This is predicated on the introduction of new trade policies by Trump. whose election win is a disruptive event for the logistics sector. Brzoznowski opines: “Any new administration creates uncertainty. The most recent campaign promises on tariffs – and on providing incentives to get companies back to U.S. – have already put global companies into overdrive, examining their options and determining how best to redesign their supply chains.”

Data from New York-based venture capital database CB Insights suggests that “well-capitalised companies are concentrating on e- commerce logistics enablement or on- demand delivery services,” with a number of startup ventures focused on developing tech- driven marketplaces for international freight forwarding as well as trucking. This correlates with a report that Amazon is building an on-demand trucking service.

Also Read: GIC-backed Global Logistics Properties launches $620m fund

Startup investment patterns

In an October 2016 webinar, CB Insights analyst Kerry Wu, who focuses on automotive, transportation, and logistics tech, and whose previous experience included a stint as a management consultant at Simon-Kucher & Partners, noted that data compiled by CB Insights indicated that supply chain & logistics tech funding had reached $8.4 billion across 938 deal since 2012.

Investors have been steadily increasing their exposure to this space,with annual deal volume and funding rising every year since 2012. CB Insights defines whit particularly category as “private companies that use software to improve efficiency across the supply chain and logistics ecosystems, excluding vertical-specific (e.g. grocery delivery) on- demand companies.”

Annual financing of logistics and supply chain startups until 19/10/2016 This growth in funding until Q3 2016, where deal volume grew to 100 transactions, is the highest quarterly deal count on record and roughly 8x the quarterly activity seen in the beginning of 2012. According to CB Insights data, Two of the last three quarters have reached over $1 billion in funding, fuelled by Asian mega- rounds.

Following a 2013 spike, early-stage (seed to Series A) investments have consistently accounted for in excess of 60 per cent of total deal volume in the space. Meanwhile corporate minority stakes and convertible notes constitute a sizeable share of deals that fall outside of early-stage financing, with a tilt towards late-stage rounds of the Series D and Series E stage.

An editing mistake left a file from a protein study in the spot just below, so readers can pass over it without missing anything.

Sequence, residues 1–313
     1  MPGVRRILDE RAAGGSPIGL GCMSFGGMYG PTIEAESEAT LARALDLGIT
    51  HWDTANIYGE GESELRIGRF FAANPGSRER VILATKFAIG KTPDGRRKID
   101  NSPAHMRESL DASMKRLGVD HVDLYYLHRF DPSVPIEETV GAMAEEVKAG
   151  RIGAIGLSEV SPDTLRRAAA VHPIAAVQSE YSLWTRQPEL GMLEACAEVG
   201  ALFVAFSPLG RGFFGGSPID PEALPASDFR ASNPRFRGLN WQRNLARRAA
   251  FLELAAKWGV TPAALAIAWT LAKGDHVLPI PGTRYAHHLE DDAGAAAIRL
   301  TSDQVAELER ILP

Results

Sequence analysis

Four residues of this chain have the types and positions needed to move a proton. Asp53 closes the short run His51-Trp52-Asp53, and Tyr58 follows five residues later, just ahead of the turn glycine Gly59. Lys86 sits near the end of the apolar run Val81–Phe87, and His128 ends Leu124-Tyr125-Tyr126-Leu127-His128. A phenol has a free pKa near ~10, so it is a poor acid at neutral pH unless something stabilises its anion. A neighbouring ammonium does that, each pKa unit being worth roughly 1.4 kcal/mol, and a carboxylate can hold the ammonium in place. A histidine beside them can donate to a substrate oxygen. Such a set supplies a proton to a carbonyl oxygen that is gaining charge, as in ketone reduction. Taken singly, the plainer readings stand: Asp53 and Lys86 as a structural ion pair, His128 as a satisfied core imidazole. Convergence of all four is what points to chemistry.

A notable corporate participant in the latest wave of funding rounds is UPS and its UPS Strategic Enterprise Fund, which has invested in a number of startup ventures.

This comes at a time when many startups founders are seeking to disrupt and innovate a range of services traditionally associated with logistics giants like FedEx and UPS. This is seeing those ventures “applying technology, mobile platforms, and on- demand concepts to lower costs, increase flexibility, and streamline operations.”

In addition, CB Insights data indicates that the Series E+ share in particular reflects large private equity investments, such as the Chinese firm Best Logistics’ $760 million round in September 2016. This specific development reflects how corporates and corporate venture capital (CVC) participation in supply chain & logistics funding has grown, with Chinese logistics companies being heavily such as saw Fosun and Alibaba affiliate Cainiao being involved in the Best Logistics deal.

Quarterly financing of supply chain and logistics startups since 2012 Asian megarounds for 2016. Credit: CB Insights

2017 is likely to see an increase in other segments of the logistics market as well, such as the telematics startups focusing on fleet management, safety, and efficiency for commercial trucking; mobile platforms offering logistics brokerage services with enhanced performance measures, and algorithmic matching; as well as the rise of investment in startups using drones for last-mile delivery services.

Meanwhile, 2017 is likely to see a continuing trend of supply chain & logistics exits involving acquisitions with a smattering of mid- size IPOs. Annual exit totals have also steadily risen since 2012, with 2016 on pace to continue this trend at the current run rate. Since 2012, there has been a series of entrepreneurs making exits in deals worth more than $500 million involving both acquisitions and public offerings.

Supply chain & logistics exits tel 2016. Credit: CB Insights

Spanning companies in segments ranging from warehouse automation to supply chain management platforms, current trends suggest a sharpened focus on last-mile logistics involving drones, logistics automation and SaaS services in Asian markets, which will be the focus of investment in coming years.

SaaS startups are likely to proliferate in the developed economies of North America, Europe, Japan and China, given that infrastructure there is more mature compared to emerging markets elsewhere in the world.